Slate investigates unrated DVDs.

Slate Investigates Unrated DVDs

Slate Investigates Unrated DVDs

Deleted scenes, commentary, and more.
Jan. 19 2006 3:00 PM

The Naked Truth

A Slate investigation into unrated DVDs.

DVD cover

As a guy who hit puberty in the PG-13 era, I feel a twinge of sadness whenever I see an ad for The 40-Year-Old Virgin or Wedding Crashers. I was too young to experience the early-'80s golden age of funny movies with nudity— Porky's, Fast Times at Ridgemont High, Revenge of the Nerds—and the American Pie renaissance of the late 1990s came too late. Without any comedies to teach me the birds and the bees, I was left in the capable but humorless hands of my parents, the public schools, and Shannon Tweed.

The adolescents of the 21st century will suffer no such deprivations. Thanks to the proliferation of unrated DVDs, today's youth are promised boobs at the click of a button. The aisles of Best Buy overfloweth with unrated cuts of sex comedies and risqué foreign flicks. At this point, there's barely anything left to unrate: The Sisterhood of the Traveling Pants: Pantless Edition, anyone?

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Who among us can resist the siren call of bonus nudity? The latest figures suggest it's something on the order of three people in rural Nebraska. According to the Los Angeles Times, the sales of unrated versions typically account for 65 to 90 percent of a movie's DVD proceeds. But are the skin-thirsty really getting their money's worth?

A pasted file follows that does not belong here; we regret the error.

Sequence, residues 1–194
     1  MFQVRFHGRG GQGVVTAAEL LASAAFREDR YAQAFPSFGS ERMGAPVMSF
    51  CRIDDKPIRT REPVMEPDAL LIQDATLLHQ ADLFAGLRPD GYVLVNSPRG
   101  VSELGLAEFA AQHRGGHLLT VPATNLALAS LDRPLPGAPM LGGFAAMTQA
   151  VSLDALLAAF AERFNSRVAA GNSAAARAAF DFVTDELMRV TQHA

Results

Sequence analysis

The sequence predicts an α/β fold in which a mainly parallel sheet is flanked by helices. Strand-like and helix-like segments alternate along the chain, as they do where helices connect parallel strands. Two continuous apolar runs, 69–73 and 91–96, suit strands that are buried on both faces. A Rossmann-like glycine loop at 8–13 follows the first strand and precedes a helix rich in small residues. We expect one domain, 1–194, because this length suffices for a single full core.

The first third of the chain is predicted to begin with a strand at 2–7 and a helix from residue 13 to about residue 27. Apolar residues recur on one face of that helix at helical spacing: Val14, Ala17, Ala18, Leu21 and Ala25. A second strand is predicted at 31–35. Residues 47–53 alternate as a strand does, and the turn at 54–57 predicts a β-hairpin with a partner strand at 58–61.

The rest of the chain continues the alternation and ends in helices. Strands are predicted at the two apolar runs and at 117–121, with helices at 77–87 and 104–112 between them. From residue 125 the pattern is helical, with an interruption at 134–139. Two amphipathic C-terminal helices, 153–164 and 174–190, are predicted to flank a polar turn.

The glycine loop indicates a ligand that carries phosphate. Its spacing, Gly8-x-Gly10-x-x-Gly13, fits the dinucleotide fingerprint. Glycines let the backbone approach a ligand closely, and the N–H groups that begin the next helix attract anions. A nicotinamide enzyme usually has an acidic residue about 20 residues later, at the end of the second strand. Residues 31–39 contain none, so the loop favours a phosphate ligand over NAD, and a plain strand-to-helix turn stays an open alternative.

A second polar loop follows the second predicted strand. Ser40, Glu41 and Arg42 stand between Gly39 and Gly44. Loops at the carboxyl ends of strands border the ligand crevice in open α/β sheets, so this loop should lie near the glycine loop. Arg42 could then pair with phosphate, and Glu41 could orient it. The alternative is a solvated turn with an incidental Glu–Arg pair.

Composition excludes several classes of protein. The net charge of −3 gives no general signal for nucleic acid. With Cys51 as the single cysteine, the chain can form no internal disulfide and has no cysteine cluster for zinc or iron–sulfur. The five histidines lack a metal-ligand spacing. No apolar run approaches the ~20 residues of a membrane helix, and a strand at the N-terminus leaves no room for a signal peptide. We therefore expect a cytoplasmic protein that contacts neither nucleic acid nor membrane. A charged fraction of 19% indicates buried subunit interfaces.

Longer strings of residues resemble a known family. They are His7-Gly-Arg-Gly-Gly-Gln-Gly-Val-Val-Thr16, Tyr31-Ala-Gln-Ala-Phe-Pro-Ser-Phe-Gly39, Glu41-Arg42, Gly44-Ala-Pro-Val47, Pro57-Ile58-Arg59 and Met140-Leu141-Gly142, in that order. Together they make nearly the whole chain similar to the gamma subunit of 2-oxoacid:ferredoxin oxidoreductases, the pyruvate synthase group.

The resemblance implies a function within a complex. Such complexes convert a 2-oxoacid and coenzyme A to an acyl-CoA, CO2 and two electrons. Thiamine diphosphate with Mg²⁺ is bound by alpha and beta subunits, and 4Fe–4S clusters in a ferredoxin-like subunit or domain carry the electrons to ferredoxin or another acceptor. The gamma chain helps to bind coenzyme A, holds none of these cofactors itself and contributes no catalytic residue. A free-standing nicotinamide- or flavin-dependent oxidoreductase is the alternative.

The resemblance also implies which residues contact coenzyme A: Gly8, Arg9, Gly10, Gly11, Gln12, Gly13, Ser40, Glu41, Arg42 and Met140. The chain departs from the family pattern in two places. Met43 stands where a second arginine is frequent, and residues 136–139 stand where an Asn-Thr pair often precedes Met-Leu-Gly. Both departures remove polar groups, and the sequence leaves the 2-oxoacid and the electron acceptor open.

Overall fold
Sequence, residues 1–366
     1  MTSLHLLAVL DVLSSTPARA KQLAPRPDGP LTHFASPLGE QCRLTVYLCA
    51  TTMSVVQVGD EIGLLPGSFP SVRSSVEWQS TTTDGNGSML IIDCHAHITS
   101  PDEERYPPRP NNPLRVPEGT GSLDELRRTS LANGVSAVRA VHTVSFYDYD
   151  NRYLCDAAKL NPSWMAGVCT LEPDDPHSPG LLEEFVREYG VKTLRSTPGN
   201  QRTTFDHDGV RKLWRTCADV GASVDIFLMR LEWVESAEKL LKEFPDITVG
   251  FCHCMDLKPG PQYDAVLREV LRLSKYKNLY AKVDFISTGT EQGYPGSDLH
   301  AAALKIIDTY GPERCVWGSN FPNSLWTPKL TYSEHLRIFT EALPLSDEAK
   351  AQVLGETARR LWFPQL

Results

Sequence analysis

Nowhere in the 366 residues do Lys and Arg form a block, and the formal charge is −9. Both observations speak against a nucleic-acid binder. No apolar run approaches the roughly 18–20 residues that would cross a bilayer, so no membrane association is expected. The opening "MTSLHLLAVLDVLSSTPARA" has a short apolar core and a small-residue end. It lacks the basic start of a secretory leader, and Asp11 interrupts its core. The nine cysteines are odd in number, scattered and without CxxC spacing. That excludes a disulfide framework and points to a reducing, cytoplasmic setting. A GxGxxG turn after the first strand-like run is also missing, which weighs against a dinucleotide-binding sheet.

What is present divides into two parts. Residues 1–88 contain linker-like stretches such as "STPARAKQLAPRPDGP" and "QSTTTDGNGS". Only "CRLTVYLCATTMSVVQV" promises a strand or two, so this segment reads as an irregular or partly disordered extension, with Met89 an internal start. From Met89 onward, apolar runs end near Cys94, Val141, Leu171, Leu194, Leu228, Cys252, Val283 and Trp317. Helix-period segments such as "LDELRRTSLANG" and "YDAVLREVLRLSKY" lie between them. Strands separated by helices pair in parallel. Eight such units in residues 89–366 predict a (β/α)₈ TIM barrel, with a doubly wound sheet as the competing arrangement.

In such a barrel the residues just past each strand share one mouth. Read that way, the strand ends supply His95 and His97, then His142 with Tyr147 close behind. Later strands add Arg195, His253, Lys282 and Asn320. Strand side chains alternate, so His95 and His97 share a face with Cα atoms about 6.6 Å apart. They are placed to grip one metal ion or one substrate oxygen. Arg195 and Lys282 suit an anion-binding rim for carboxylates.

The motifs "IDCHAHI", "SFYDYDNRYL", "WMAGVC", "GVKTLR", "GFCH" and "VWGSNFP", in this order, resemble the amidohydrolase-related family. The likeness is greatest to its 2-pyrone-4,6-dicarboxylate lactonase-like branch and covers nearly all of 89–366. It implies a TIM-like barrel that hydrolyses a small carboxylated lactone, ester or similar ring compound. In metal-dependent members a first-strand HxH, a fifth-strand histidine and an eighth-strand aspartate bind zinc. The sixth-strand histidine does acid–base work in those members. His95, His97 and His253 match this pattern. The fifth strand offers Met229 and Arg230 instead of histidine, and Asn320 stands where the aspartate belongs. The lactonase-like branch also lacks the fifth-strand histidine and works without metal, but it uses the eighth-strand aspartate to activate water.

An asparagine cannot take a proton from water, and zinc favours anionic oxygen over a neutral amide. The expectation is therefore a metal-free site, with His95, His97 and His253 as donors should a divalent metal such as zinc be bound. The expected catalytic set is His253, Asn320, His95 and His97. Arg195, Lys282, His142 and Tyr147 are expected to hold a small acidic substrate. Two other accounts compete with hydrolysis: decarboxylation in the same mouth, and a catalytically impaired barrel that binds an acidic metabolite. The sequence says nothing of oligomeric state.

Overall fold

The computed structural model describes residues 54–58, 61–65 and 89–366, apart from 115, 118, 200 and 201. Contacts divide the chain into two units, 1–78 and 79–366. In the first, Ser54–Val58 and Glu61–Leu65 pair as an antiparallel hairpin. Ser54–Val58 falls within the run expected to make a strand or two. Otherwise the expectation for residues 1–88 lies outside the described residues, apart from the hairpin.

Public servant that I am, I took it upon myself to help today's adolescents separate the scammers from the flashers. An exhaustive Slate investigation of 15 unrated sex comedies has revealed that unrated does not necessarily equal boobs. All an "unrated" sticker really means is that some of the "totally out of control" new scenes you've been promised were not submitted for the MPAA's approval. That extra footage could be eight minutes of cheerleaders taking showers; it could be two seconds of animated bunnies sniffing tulips. As long as the material was not submitted, it's "unrated."

Josh Levin Josh Levin

Josh Levin is Slate’s editorial director.

DVDs that do use added nudity as their primary selling point don't wait until the movie starts. Selecting one of the options on the opening screen of the unrated Van Wilder DVD inspires a jiggle-happy model to shed her T-shirt. (Fans of the Hays Code can click the "View Censored" button, which summons a strategically placed black bar.) The unrated version of the gay-cruise-themed Boat Trip is more shameless. Perhaps to assure viewers that they haven't accidentally rented The Birdcage, Boat Trip's menus include a whopping 13 minutes of original footage of topless women sunbathing. To break up the monotony, men walk by and offer the ladies bananas every so often.

These two, however, are the perverted outliers. The menus on the "Uncorked" edition of Wedding Crashers are sedate by comparison—just a few stills accompanied by a snappy instrumental. The box promises a "Longer! Wilder! Funnier!" film. Lies! Lies! Lies! Well, at least the longer part is true. The eight new minutes do add layers to characters like the gay son, Todd; they do not subtract layers from the film's female characters. If the MPAA had looked at the new stuff, it no doubt would have stuck by the original R rating.